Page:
“I don’t really make decisions, I go with the flow.”
For most, Academy Award-winning actress Nicole Kidman requires no introduction; in this analyst’s humble opinion, her role as Dr. Chase Meridian in Batman Forever should forever be remembered as one of cinema’s all-time great damsels in distress.
Lacking adequate contextualization for her quote above, we thought we’d spend some time this morning discussing “flow” in a more relevant context: investment ideas.
Be it the Surf Lodge in Montauk or the White Briar/Princeton combo in Avalon, NJ, I’ve done my fair share of “going with the flow” this summer. In fact, how I’ve approached social life in my late-twenties is not unlike how I’ve approached generating investment ideas – by remaining open-minded and gravitating towards those destinations that others are also likely to find most attractive.
That’s easier said than done, however, especially in the context of investing. How does any investor – fully equipped with his or her confirmation biases – remain open-minded enough to consistently and presciently spot those attractive destinations? While I’m sure asking 20 different analysts and portfolio managers will net about 19-20 different responses, my answer to that omnipotent question is simple: by doing the same thing each and every day.
Back to the Global Macro Grind...
My repeatable process commences each morning by writing down 186 unique, color-coded quantitative signals into my notebook. These signals can be anything from the MoM delta in India’s OIS spread, to the SPY’s Volatility-Adjusted Multi-Duration Momentum Indicator (VAMDMI) score per our Tactical Asset Class Rotation Model (TACRM), to the top-20 and bottom-20 VAMDMI scores across the universe of global macro ETFs. It culminates with absorbing all of the relevant economic data and policy rhetoric in my geographical coverage area and categorizing the deltas as sequential accelerations, decelerations, tightenings and/or easings.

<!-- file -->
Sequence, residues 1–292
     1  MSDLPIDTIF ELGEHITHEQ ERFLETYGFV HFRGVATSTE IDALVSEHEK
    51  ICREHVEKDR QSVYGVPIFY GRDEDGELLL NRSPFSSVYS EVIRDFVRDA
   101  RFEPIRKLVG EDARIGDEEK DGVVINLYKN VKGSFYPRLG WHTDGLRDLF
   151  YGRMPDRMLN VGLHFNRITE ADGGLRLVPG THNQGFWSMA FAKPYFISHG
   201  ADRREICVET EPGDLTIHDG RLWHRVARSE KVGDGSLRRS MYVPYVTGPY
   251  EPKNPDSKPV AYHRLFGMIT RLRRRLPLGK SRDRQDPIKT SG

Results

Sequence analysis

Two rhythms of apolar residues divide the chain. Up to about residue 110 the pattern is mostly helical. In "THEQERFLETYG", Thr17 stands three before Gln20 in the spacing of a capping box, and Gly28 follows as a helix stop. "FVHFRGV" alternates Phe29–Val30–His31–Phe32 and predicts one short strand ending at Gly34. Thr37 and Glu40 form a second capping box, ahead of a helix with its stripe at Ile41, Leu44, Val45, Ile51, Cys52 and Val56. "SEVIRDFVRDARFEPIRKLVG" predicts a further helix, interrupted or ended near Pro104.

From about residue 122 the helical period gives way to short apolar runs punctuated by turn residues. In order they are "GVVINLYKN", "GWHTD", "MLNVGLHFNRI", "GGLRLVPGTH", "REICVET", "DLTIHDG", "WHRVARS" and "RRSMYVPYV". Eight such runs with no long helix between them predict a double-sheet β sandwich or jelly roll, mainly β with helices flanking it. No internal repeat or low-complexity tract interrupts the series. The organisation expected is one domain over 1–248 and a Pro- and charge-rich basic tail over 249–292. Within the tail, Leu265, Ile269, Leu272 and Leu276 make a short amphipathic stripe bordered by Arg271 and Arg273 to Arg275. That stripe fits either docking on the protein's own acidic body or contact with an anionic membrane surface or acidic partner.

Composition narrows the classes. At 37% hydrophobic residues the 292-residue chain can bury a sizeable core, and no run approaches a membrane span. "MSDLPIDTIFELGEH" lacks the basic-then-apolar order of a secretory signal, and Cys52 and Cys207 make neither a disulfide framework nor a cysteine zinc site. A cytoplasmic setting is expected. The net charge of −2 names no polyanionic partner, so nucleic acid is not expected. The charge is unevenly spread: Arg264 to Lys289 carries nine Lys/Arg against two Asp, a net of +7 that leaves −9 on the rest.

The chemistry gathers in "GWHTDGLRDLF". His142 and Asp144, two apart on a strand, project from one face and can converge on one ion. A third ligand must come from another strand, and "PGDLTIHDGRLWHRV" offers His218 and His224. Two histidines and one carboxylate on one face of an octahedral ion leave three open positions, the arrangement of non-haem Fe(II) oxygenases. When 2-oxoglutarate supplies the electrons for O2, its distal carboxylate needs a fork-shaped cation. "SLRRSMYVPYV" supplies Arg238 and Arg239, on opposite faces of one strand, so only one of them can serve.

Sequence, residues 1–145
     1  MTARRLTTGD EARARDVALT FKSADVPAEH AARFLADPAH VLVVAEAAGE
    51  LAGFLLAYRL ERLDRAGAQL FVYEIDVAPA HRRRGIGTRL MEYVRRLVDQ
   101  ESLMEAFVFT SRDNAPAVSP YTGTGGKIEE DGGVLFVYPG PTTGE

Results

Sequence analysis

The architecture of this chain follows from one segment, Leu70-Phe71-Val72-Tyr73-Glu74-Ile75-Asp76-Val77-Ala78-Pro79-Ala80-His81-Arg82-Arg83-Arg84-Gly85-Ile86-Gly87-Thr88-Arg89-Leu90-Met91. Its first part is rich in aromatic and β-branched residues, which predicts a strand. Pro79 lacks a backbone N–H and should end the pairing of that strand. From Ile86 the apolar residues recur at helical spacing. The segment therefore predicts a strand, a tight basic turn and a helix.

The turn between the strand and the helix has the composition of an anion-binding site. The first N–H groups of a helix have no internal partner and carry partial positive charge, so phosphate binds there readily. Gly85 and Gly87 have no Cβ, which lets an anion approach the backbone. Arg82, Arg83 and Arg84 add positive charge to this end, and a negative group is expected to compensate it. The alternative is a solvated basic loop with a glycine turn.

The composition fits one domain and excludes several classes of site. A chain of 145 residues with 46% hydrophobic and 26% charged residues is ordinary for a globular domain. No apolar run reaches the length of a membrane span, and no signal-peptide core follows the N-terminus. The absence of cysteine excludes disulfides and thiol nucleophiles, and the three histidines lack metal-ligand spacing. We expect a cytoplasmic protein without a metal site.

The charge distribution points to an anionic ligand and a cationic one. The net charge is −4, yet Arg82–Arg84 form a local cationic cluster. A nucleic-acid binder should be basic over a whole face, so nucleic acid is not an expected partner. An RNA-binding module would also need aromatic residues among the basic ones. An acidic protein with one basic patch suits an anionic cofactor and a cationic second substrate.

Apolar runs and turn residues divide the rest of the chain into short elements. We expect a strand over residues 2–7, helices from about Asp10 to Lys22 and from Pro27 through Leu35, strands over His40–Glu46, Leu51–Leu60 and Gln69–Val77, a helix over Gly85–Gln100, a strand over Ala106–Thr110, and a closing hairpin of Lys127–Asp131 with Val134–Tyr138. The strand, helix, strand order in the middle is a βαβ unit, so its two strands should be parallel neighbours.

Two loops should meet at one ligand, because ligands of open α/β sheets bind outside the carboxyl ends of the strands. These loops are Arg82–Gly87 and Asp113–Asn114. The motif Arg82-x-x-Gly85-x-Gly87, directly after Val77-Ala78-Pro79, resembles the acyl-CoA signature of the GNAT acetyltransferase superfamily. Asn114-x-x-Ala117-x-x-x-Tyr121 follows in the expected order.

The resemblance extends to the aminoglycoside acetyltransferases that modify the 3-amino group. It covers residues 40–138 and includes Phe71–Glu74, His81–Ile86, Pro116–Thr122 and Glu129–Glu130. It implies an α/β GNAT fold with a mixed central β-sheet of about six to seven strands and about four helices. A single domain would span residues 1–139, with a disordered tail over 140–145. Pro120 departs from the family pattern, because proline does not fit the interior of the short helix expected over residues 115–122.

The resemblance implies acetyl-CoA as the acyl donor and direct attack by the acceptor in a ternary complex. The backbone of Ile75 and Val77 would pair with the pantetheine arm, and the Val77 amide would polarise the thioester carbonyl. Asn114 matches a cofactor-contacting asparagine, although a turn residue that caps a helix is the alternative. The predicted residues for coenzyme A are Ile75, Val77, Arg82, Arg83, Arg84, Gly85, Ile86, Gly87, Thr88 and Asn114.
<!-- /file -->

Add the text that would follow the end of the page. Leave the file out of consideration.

While this process is far from perfect, it does tend to afford me a consistent opportunity to kick the tires on many developing investment themes and ideas. From there, we apply a healthy dose of “secret sauce” to determine whether or not a particular theme or idea is worthy of communicating to our subscribers.
For those of you who with the ability to invest capital internationally, we thought we’d create the table below to help synthesize and hold accountable our investment ideas across the Asia, LatAm and EM space, which is my primary coverage responsibility for the team. In addition to updating you on the active recommendations therein, we are also taking this opportunity to provide post mortem on our closed ideas over the TTM.
Active Long Ideas:
- FXI: We continue to think the shaky foundation on which the Chinese economy currently resides will force officials to ease monetary and fiscal policy, at the margins. This should be supportive of industries tethered to China’s fixed asset investment bubble. (TREND duration)
- EPI: If we could LBO a country, India would be our top choice. The country’s new “management team”, led by RBI Governor Dr. Rajan and Prime Minster Modi, is implementing the kinds of policies needed to structurally elevate India’s growth potential. (TREND and TAIL durations)
- EEM, EMB, EMLC and CEW: When we were making the opposite call ~18M ago, there were not a lot of investors who agreed with us that US monetary policy was the driving factor behind capital flows, monetary conditions and asset prices in emerging markets. Now everyone gets it and the fundamentals (i.e. US #GrowthSlowing) and quantitative signals (see slide #4 of TACRM deck above) support remaining long of EM assets here. (TREND duration)
- EIDO: Definitely long in the tooth as it relates to Jokowi hoopla, but the comps in our GIP (i.e. Growth/Inflation/Policy) model portend a favorable investing environment for at least the next 2-3M. (TREND duration)
Closed Long Ideas (TTM):
- ARGT: Booking the loss here. Loose fundamental thesis on our part with even looser results.
- EWT: Great trade. Semiconductor stocks (SOX Index) have done nothing but go straight up over the past two weeks; a failure to make a higher-high would auger negatively for the consensus storytelling about a sustained recovery in CapEx.
- ENZL: Decent timing on booking the gain. It’s been lower-highs and lower-lows for New Zealand for ~3M now amid marginally dovish monetary policy.